The dynamic Latinos and their unquestinable hold on the culture of New York
The Latinos sustaining New York’s creative spirit
One of the more outrageous promises repeated by Donald Trump during the presidential campaign season was that he would build a wall to keep Mexicans out of America, claiming they were rapists, murderers, and druggies. While he did single out Mexicans, most Americans of Latino origin felt insulted and targeted by association.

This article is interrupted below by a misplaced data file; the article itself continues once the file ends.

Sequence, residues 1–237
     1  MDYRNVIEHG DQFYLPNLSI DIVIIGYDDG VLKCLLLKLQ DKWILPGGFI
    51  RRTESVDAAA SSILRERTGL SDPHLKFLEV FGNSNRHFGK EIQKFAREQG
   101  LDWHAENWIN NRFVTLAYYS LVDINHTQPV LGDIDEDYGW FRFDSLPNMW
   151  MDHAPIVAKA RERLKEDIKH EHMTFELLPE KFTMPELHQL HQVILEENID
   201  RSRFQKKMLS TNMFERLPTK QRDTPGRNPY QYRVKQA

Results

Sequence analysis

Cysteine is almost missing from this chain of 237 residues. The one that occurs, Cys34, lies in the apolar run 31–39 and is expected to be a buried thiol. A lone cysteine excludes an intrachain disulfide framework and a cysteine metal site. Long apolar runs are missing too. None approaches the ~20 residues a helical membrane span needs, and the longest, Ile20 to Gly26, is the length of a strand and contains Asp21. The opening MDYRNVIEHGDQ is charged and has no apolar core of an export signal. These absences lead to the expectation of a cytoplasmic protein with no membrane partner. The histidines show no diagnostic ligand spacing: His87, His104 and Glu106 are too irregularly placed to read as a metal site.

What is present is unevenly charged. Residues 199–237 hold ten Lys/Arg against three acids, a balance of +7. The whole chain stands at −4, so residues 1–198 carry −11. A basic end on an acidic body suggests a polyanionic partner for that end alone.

With what could only be termed exquisite timing, a friend of mine in New York, Gabriel Rivera-Barraza, launched just before the elections a handsome new book called Nuevo New York, celebrating, quite fittingly, the city’s most influential Latinos in the artistic, fashion, media, and cultural spheres. It’s a 100 percent Latino collaboration. Rivera-Barraza, who conducted the interviews, is a native of Durango, Mexico, who is now living and working in New York as a dynamic PR extraordinaire, while Hans Neumann, the photographer who shot the portraits, hails from Lima, Peru, but has been based in the Big Apple since 2004. The people they chose to include in the book are some of the most exciting and enduring creative talents in New York today, from established designers such as Carolina Herrera, Francisco Costa, and Narciso Rodriguez to current darlings Alejandro Ingelmo and Fernando Garcia. There are artists such as Aldo Chaparro, Jose Parla, Teresita Fernandez, and Alexis Zambrano. And then there are the pillars of New York society like Yaz Hernandez, Emila Fanjul Pfeifler, and Fabiola Beracasa Beckman. There are names that sound more AngloSaxon and Teutonic than Latino, but then anyone who knows a bit of South American history would know about the waves of German and English migration in the continent, particularly after World War II—does the name Gisele Bündchen ring a bell? In fact, when leafing through the book, there are many “aha!” moments when one realizes that someone assumed to be, well, cornbread white is actually from Brazil! Or Uruguay! Or El Salvador! Or Colombia! Or Mexico! And yet with that realization, it all makes perfect sense. “The Latino community is a vibrant culture but it also brings a fun and energetic essence to New Yorkers in every aspect that we can represent, and that makes us strong and unique,” remarks Rivera-Barraza. “And we are known for our cultural artistic background.” Not that it’s all that homogeneous. “There are differences between Latin American countries, of course. But in the end, we unite with very similar language, religion, and social customs, particularly in New York where we have become one community.” And, clearly, a force to reckon with, Trump be damned. The book also very subtly presents a different narrative about the Latino experience in America. These are not your ordinary cleaning ladies, truck drivers, or restaurant workers who have moved to New York in search of a better life. This is, by and large, a comfortable, educated, privileged, and often glamorous group whose reasons for coming to New York have less to do with escaping a life of economic hardship and more with chasing after creative freedom and personal fulfillment; in finding that, they found themselves. “I feel that New York helps you find your identity in many ways,” RiveraBarraza says, “such as having you focus and inspiring you to show your best.” I know exactly what he means. I always feel most “me” when I’m in New York City. I love the energy that swathes the place, where revelry and reclusiveness can be compatible bedfellows, where the excesses of one night at the Boom Boom Room are tempered the next day by meditative contemplation of Rothko at the MoMA, where sleek segues just as seamlessly into seedy, where love and lust thrillingly collide, where the air is intoxicating and possibility is the drug. It’s an addiction I never want to be cured of. Because New York got me like…